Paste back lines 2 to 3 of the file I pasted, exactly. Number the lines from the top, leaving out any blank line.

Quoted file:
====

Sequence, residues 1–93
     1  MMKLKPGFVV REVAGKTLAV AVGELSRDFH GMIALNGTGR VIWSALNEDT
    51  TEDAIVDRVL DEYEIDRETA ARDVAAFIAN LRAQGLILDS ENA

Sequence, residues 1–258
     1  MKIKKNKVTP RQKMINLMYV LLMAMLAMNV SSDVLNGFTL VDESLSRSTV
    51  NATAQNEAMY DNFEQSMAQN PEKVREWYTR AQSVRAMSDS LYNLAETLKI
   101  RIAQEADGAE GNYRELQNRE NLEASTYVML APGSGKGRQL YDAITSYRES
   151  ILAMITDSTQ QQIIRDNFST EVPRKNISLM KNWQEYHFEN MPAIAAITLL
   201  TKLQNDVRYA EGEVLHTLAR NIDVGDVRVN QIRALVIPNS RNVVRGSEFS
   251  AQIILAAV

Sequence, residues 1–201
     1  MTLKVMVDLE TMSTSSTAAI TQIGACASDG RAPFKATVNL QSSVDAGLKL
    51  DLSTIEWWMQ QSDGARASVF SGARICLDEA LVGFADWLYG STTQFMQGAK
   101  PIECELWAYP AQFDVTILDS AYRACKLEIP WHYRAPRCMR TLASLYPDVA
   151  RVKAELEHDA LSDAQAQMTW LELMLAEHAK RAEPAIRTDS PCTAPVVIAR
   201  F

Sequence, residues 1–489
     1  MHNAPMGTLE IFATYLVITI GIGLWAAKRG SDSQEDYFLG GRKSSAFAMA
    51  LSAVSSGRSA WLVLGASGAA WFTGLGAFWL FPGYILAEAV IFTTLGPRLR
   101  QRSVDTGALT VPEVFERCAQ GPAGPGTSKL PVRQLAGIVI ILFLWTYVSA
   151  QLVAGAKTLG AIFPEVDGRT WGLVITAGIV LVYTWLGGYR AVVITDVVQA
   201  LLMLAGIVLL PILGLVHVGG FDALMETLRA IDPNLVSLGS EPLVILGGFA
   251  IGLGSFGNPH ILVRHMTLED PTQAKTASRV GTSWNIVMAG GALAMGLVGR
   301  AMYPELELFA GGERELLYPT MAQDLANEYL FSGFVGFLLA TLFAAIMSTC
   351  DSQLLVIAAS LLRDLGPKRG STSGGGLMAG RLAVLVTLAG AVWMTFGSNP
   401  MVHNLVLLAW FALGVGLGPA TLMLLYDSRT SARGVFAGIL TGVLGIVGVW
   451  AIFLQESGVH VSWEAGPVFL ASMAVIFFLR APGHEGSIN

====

     1  MMKLKPGFVV REVAGKTLAV AVGELSRDFH GMIALNGTGR VIWSALNEDT
    51  TEDAIVDRVL DEYEIDRETA ARDVAAFIAN LRAQGLILDS ENA